When deciding whether to make an interim or ongoing (final) intervention order, the police and the Court may take into account any factor they consider relevant in the circumstances [Intervention Orders (Prevention of Abuse) Act 2009 (SA) s 10(4)], including any legal proceedings between the defendant and protected person [s 10(2)(e)].
A range of factors must be recognised and taken into account in determining whether it is appropriate to issue an intervention order and in determining the terms of an intervention order [see Intervention Orders (Prevention of Abuse) Act 2009 (SA) s 10].
The nature of abuse
- occurs in all areas of society and among all groups of people
- involves exploitation of power imbalances
- may be overt (obvious) or subtle (hidden)
- may consist of isolated incidents or patterns of behaviour.
What must be given priority
The purpose of intervention
- minimises disruption to a protected person and any child living with a protected person
- enables a protected person to maintain social connections and support
- ensures continuity and stability in the care of any child living with a protected person
- allow education, training and employment of a protected person and any child living with a protected person to continue without interruption
- allows arrangements for the care of a child living with a protected person to continue without interruption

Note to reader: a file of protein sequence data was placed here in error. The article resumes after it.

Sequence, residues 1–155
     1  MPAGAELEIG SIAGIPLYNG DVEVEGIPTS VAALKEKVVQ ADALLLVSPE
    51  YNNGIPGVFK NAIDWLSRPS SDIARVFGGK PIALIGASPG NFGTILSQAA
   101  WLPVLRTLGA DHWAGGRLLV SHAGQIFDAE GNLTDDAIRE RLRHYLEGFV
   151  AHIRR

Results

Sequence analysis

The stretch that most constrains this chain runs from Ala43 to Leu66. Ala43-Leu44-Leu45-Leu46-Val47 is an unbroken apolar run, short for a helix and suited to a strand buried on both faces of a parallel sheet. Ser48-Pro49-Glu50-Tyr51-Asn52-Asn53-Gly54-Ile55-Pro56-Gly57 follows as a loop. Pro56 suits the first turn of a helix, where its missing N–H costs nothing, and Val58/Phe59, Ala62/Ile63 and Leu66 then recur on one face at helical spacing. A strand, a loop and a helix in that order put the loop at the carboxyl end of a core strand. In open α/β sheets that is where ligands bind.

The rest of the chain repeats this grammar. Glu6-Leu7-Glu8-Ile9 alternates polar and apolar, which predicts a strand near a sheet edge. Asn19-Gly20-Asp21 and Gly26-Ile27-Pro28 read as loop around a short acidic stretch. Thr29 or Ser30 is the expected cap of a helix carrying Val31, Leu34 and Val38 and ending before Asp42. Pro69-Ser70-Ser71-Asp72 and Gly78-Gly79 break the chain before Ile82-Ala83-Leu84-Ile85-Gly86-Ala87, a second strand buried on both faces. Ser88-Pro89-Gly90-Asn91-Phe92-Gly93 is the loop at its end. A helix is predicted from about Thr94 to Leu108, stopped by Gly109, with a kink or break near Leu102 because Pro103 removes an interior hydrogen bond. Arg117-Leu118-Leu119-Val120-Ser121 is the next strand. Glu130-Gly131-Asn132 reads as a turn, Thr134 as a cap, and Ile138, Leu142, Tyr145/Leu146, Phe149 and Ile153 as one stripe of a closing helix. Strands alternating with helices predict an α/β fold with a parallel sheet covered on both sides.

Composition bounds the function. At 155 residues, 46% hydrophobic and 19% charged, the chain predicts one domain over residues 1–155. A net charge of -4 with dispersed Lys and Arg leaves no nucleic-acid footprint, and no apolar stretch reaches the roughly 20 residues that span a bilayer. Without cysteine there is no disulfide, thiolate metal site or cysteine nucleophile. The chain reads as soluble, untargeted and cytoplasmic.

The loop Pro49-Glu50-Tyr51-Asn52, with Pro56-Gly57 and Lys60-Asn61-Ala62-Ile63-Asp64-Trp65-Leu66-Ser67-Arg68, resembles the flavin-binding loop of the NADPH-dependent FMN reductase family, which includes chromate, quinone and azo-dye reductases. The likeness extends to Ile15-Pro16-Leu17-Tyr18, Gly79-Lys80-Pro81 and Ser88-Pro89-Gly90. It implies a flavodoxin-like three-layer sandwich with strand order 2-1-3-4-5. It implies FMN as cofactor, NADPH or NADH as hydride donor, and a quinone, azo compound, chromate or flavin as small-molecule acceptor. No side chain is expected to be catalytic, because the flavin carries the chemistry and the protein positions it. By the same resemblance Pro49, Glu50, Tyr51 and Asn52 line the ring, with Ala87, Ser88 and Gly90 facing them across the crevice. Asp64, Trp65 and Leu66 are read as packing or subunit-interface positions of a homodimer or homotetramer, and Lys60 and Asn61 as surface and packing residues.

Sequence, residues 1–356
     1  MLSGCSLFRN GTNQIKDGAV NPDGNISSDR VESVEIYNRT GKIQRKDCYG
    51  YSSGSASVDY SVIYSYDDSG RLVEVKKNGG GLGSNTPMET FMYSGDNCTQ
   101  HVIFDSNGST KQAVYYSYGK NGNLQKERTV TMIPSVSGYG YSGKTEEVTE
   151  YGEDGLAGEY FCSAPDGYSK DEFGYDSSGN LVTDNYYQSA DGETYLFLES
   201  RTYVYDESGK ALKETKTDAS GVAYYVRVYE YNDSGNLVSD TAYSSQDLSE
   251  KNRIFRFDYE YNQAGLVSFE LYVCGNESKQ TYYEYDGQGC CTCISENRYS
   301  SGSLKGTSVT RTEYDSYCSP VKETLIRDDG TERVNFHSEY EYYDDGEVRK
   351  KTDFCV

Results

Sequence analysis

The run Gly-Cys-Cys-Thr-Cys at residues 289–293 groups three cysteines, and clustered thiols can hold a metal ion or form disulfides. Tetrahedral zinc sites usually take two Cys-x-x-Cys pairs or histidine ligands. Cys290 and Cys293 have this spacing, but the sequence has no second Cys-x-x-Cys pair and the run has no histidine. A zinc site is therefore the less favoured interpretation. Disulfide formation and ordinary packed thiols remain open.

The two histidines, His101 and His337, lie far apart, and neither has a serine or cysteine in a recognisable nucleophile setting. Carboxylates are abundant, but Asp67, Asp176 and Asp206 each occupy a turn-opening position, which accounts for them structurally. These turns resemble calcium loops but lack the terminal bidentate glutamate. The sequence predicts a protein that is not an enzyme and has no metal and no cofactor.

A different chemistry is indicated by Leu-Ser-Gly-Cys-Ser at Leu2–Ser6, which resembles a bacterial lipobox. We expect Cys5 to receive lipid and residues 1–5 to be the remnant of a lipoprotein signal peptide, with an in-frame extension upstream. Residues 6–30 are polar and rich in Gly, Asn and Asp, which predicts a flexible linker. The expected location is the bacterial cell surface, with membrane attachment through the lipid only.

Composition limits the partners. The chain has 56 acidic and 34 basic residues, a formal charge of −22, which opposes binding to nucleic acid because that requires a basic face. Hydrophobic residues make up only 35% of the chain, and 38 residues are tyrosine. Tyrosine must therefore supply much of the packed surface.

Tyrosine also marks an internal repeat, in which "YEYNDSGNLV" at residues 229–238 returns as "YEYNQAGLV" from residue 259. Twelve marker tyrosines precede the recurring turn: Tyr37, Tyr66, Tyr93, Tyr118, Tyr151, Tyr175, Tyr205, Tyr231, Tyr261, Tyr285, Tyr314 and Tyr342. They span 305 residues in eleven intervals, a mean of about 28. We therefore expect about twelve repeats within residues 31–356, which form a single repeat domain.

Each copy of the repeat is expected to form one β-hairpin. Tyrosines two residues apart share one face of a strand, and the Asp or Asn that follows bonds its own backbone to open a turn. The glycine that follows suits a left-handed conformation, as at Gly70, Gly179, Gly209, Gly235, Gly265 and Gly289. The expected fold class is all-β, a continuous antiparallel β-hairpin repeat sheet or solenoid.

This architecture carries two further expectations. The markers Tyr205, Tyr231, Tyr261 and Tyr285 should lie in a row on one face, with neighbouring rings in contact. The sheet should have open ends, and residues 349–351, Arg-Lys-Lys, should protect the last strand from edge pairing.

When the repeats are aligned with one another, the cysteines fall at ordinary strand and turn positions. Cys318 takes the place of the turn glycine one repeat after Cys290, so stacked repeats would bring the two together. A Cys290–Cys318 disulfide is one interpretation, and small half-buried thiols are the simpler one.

- encourage defendants to accept responsibility and take steps to avoid committing abuse
Issues in relation to contact
- any relevant Family Law Act order or Children's Protection Act order
- how an intervention order would be likely to affect contact (whether the contact is under an order or not) between the protected person or the defendant and any child of, or in the care of, either of them.
[see Intervention Orders (Prevention of Abuse) Act 2009 s 10(2)]
When deciding to issue a final intervention order the Court must make inquiries whether there is any relevant Family Law Act order or Children’s Protection Act order and how the final intervention order will be likely to affect contact between the protected person or the defendant and any child of the protected person and/or the defendant. The Court must take steps to avoid inconsistency between the intervention order and any Family Law Act or Children’s Protection Act order [Intervention Orders (Prevention of Abuse) Act 2009 s 23(1a)].
Issues in relation to property
When considering whether:
- to prohibit the defendant from taking possession of property, or
- to require the defendant to return property to a protected person, or
- to allow a protected person to recover or have access to or make use of property,
the Court and police must take into account the income, assets and liabilities of the defendant and the protected person.
When the defendant is a child
- ensure the child has appropriate accommodation, care and supervision; and
- ensure the child has access to appropriate educational and health services; and
- allow the education, training and employment of the child to continue without interruption.
[see Intervention Orders (Prevention of Abuse) Act 2009 s 10(1)(d)(v)]
When the defendant does not know where the protected person lives or works
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